Our own Chad Nevett reviewed the book for the CBR mothership, and, in the process, wrote the following sentences:
The one flaw with this issue is the writing, none of which comes close to the art, mostly hampered by the single page that, in every case, acts as the first part of the story. Not many of the pages work as a whole on a pure story level, which is a shame since you would hope the writers would rise to the challenge of the format the same way that the artists have.
The ineffable Mike Sterling (He Who Cannot Be Effed) looks at it from a retailing perspective, and sees the series as a chance to maybe reach a wider audience, for once:
Anyway, the reason I laid all that out on you was to suggest that Wednesday Comics at least has the small potential of, if not being a “breakout comic,” at least being a bit more appealing to the average non-weekly-comic-shop-visiting person. Primarily it’s the packaging: most people are pretty familiar with the Sunday funnies format, which may make the content more attractive than the standard stigmatized comic book format.
NOT SO RANDOM THOUGHT! I’m kinda disappointed there isn’t a Spirit page in Wednesday Comics, for obvious reasons (though who would do it justice?), and also saddened there isn’t an Aquaman strip, because I like Aquaman. I also think there should be more standalone pages, or even a rotating feature. But I guess we can just wait for Wednesday Comics Deux for those!
FOLLOW-UP RANDOM THOUGHT THAT IS NOT RANDOM, BY DEFINITION! If I was writing a Wednesday Comics strip, which I am not and almost certainly never will be, I would totally pick the Atom. Or maybe Swing with Scooter. But with the Atom’s shrinking nature, a lot could be done with the giant page’s layout– having the Atom be “actual size” in regards to his surroundings, or using a lot of really small panels, etc. Of course, I’d want J.H. Williams III to draw it. Each page would be its own standalone story told in a different format and/or homage to classical strips, like Little Nemo in Slumberland, or even those Family Circus panels that trace Billy’s destructive path through the backyard… that kinda thing. Williams could draw each one in a different style. It’d be the business.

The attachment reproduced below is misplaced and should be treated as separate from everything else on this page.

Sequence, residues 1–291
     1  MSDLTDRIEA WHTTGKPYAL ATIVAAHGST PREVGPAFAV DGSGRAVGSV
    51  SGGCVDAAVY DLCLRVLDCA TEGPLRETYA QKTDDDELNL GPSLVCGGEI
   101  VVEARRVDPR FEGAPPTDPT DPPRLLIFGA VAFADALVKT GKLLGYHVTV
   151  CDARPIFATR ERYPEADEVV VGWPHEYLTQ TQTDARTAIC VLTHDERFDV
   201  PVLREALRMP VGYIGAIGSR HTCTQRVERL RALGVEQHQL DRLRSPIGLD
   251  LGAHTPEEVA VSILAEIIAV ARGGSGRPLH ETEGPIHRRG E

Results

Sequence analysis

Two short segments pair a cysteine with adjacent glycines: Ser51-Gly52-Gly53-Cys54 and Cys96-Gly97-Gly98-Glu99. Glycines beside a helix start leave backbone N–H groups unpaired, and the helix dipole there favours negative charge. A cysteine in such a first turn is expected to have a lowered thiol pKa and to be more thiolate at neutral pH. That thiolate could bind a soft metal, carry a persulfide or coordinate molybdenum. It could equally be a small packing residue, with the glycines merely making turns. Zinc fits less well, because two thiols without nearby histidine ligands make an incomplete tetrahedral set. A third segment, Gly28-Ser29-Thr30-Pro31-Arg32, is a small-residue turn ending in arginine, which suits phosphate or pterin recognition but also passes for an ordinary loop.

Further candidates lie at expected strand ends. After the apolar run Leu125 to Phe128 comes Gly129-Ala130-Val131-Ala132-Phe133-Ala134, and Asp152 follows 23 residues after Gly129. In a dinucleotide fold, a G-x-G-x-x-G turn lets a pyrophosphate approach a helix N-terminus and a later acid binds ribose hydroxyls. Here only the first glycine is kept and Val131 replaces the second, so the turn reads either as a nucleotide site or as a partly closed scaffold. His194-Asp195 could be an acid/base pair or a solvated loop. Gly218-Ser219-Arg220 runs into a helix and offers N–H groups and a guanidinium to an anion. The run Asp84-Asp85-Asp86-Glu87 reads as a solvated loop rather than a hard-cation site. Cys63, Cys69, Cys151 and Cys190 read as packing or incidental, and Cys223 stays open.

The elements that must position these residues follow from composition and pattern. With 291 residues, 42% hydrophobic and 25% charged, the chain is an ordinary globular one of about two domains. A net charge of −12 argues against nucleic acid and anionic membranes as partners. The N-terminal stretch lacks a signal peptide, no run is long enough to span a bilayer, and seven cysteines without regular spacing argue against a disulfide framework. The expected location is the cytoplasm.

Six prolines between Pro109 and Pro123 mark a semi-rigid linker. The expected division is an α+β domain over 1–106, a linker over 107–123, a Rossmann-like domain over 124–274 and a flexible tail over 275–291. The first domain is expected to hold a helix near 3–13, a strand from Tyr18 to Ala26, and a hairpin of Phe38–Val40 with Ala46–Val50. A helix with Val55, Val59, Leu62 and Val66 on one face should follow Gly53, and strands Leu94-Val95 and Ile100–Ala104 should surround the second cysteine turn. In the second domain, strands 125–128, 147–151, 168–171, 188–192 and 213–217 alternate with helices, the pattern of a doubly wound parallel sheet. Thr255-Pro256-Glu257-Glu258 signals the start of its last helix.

THE DAY CHAD NEVETT WENT MAD: Since I’ve stolen his Random Thought bits, I might as well link to his blog, right? Well, it appears the combination of Dark X-Men and No Hero has given Chad cosmic awareness. We are all substitute phalluses in the money machine:
Does Warren Ellis know something about my superhero-loving brain that I don’t? Because Josh is me and I’m Josh, so I secretly want my penis to fall off and then replace it with a superhero’s spine? Of course I do, because I just realised that superheroes are just about money.
THE A-Z OF AWESOMENESS from Neill Cameron has nearly finished, with only Z to go. But sometimes Y is all you need:
That’s all for this week!